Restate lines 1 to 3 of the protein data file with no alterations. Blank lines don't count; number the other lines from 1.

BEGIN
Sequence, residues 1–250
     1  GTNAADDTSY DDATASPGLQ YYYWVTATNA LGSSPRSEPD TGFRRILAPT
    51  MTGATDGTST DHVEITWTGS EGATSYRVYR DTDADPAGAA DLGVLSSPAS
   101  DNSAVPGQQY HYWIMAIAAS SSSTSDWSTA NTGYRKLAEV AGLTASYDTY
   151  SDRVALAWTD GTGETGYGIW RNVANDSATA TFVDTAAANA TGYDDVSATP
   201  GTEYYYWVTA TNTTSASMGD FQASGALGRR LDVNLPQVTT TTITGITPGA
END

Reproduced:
Sequence, residues 1–250
     1  GTNAADDTSY DDATASPGLQ YYYWVTATNA LGSSPRSEPD TGFRRILAPT
    51  MTGATDGTST DHVEITWTGS EGATSYRVYR DTDADPAGAA DLGVLSSPAS